Additive manufacturing, also known as 3D printing, allows users to create physical objects using digital files. The user generates a digital model using computer-aided design software or with an existing item using a 3D scanner. Originally, companies used 3D printing to create prototypes more rapidly. These prototypes can serve as a tooling master, which allows more durable materials to be used. For example, if an engineer designs a new part that must be manufactured out of carbon fiber and resin, they model the object and produce a negative of the model using a 3D printer. This negative is then used as a mold to apply carbon fiber and resin. It is important to remember that although this process sounds complicated, a Soldier can learn how to do this in a single day of instruction for small items, given they have access to the correct equipment.
Unit-level 3D printing
The 3D printing program at the 28th Ordnance Company (EOD) is purpose-built for their needs, and it is an effective example of the widespread utilization of 3D printing at the small unit level. The program balances start-up costs, long-term viability, and overall production.
Brief History and Overview
The 28th EOD started its 3D printing program in 2022 after an Aberdeen Proving Grounds 3D printing conference demonstrated how to use the capability within units. Representatives from the Army, Navy, Air Force, and Marines were in attendance, as well as law enforcement personnel from across the U.S. The sponsors demonstrated various 3D printing solutions, including metal, compact, and large-volume printers. The participants decided a useful program needed to be economical, require little technical expertise, and be efficient with one’s time. These requirements were derived from the things that historically caused programs in the industry to fail: lack of money, training, and time. Money, training, and time are required to 3D print, and the 28th EOD demonstrated a usable model to balance them.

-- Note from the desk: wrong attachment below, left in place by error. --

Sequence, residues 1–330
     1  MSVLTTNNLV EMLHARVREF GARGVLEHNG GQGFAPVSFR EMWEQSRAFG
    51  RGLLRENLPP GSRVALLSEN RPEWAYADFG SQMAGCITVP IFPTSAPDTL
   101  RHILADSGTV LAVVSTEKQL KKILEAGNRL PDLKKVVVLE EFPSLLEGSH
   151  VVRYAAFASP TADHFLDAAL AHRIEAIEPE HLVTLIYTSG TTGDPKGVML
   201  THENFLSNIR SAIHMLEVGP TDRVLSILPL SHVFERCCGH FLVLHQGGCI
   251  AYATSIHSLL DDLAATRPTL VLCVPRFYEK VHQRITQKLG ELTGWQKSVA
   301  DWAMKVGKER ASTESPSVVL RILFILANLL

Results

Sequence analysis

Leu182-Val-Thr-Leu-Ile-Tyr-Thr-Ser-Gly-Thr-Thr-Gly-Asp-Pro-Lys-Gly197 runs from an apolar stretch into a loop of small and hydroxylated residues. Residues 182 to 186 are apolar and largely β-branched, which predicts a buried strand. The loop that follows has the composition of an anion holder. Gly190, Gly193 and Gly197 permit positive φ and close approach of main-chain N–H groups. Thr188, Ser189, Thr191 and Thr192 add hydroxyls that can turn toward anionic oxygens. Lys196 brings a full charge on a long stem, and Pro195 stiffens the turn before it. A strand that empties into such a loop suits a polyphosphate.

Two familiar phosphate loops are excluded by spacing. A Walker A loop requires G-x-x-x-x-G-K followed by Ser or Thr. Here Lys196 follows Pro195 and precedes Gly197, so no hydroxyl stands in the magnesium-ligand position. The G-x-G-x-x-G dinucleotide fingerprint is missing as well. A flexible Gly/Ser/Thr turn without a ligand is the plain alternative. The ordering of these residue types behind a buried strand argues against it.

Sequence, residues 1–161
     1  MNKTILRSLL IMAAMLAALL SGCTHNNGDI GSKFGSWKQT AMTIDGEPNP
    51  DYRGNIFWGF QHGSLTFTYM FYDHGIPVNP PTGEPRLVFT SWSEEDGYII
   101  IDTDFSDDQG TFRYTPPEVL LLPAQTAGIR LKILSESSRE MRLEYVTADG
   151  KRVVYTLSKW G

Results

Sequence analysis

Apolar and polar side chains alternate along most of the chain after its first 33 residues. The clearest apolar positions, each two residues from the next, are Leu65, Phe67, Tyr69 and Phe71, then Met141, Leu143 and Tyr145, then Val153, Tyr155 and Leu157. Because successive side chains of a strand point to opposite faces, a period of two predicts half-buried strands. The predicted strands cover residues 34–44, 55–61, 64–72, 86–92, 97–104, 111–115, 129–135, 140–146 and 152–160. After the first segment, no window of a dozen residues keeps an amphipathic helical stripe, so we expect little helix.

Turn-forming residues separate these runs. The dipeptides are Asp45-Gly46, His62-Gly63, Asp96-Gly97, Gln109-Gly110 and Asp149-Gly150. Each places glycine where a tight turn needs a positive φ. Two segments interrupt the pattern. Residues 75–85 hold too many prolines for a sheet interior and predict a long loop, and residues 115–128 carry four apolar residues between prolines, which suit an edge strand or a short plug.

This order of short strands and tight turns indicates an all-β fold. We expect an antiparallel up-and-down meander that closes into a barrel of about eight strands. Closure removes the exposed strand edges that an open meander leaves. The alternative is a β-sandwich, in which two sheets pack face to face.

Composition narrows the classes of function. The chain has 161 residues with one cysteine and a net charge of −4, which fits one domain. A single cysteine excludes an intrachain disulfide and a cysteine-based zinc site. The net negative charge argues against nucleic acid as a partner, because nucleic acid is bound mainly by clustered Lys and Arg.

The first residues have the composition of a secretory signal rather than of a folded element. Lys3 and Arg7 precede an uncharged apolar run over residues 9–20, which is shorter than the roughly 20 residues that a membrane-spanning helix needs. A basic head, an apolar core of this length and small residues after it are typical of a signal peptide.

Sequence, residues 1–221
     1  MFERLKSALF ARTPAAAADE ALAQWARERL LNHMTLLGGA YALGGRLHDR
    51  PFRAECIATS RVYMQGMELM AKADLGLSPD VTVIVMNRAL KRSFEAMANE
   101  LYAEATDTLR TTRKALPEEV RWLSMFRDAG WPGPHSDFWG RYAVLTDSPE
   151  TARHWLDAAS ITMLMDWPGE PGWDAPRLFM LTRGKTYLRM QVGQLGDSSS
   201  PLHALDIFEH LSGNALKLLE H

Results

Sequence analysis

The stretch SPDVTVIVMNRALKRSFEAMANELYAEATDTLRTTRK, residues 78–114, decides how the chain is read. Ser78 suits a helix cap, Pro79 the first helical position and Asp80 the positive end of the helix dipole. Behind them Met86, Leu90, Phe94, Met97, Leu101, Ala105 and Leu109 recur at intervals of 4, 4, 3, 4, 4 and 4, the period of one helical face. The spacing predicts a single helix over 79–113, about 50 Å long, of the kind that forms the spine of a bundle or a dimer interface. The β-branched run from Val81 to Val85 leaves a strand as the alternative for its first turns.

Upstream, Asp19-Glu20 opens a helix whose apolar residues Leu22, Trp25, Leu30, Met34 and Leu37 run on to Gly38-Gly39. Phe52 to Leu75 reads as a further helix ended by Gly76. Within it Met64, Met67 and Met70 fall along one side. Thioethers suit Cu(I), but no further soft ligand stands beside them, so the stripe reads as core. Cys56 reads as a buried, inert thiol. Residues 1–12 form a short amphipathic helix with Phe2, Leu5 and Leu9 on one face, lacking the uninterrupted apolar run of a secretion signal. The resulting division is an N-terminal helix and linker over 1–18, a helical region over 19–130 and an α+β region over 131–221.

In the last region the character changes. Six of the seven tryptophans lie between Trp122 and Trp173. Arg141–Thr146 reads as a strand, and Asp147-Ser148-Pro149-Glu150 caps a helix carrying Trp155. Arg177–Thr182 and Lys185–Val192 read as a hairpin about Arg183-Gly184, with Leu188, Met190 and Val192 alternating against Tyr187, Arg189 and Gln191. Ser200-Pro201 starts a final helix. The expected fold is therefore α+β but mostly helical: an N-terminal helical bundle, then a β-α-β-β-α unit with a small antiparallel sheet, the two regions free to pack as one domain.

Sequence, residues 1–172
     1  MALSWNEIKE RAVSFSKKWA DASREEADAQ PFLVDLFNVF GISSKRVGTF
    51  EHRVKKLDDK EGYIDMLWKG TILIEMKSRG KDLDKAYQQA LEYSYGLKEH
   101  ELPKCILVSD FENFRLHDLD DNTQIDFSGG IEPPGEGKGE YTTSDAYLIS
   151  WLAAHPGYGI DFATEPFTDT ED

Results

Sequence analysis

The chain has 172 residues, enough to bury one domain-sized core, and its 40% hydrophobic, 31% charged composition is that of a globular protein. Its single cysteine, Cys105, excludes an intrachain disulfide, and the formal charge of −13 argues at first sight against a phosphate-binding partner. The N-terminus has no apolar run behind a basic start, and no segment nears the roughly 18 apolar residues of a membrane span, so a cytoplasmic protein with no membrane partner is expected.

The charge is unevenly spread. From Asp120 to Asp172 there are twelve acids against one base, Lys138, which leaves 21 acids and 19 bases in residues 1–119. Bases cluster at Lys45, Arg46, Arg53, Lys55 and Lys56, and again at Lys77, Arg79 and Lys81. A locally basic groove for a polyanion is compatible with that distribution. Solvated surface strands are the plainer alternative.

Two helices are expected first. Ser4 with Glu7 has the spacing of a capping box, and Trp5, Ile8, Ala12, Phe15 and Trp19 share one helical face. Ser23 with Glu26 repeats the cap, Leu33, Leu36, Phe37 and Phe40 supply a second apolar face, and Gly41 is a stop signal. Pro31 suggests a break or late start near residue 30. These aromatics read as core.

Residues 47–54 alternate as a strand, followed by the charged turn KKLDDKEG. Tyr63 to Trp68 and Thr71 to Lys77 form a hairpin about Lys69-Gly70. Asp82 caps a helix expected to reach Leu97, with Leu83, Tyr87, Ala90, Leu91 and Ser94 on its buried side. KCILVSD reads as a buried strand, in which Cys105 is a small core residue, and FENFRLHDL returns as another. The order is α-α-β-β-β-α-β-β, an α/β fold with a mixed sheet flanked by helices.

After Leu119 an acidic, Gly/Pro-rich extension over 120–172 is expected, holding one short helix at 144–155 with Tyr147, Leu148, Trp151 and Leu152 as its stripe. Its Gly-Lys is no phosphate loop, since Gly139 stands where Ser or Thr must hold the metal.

The unit initially purchased three 3D printers and two 3D scanners. Each 3D printer was purposefully chosen to complete a certain task, and the 3D scanners encompassed the two capabilities previously mentioned. Remembering the expendable portions of the 3D printing process is also important. Filament materials and expendables such as nozzles and other components must be forecasted.
The 28th EOD saw the need for the program after the discovery of PTKM-1R and POM3 landmines in Ukraine. As a snapshot into potential future conflicts, Ukraine has been illuminating the capabilities of competing foreign countries. These next-level landmines, discovered in April 2022, use advanced technology to target vehicles and personnel. They change the battlespace in a way that necessitates an understanding of them to train and equip U.S. forces properly. The initial estimate, even for priority units capable of paying premium prices, of receiving training aids for these ordnance items was 18 months. Commercial entities move as slowly as the economic process allows them to, and, unfortunately, they are not fast enough to keep up with the initiative of the U.S. military. Using 3D printing, the 28th EOD had a full-scale training aid replica of the PTKM-1R 3D modeled, printed, and in front of Charlie Company, 2nd Battalion, 75th Ranger Regiment in five days. This level of prototyping and flexibility was unprecedented and allowed the unit to adjust to changing conflicts and train on new technologies as they are found, not months after.